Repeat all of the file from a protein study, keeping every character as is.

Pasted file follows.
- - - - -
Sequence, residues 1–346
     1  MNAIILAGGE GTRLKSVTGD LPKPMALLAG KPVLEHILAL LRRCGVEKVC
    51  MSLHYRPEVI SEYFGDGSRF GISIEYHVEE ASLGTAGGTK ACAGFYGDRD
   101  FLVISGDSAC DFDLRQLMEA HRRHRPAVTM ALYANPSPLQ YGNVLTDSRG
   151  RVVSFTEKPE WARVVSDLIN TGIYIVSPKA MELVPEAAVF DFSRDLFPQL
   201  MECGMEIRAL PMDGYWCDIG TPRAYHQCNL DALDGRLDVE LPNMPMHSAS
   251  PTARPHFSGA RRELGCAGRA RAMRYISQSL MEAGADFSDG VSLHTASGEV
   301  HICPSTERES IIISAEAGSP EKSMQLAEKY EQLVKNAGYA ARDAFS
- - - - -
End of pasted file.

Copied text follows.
Sequence, residues 1–346
     1  MNAIILAGGE GTRLKSVTGD LPKPMALLAG KPVLEHILAL LRRCGVEKVC
    51  MSLHYRPEVI SEYFGDGSRF GISIEYHVEE ASLGTAGGTK ACAGFYGDRD
   101  FLVISGDSAC DFDLRQLMEA HRRHRPAVTM ALYANPSPLQ YGNVLTDSRG
   151  RVVSFTEKPE WARVVSDLIN TGIYIVSPKA MELVPEAAVF DFSRDLFPQL
   201  MECGMEIRAL PMDGYWCDIG TPRAYHQCNL DALDGRLDVE LPNMPMHSAS
   251  PTARPHFSGA RRELGCAGRA RAMRYISQSL MEAGADFSDG VSLHTASGEV
   301  HICPSTERES IIISAEAGSP EKSMQLAEKY EQLVKNAGYA ARDAFS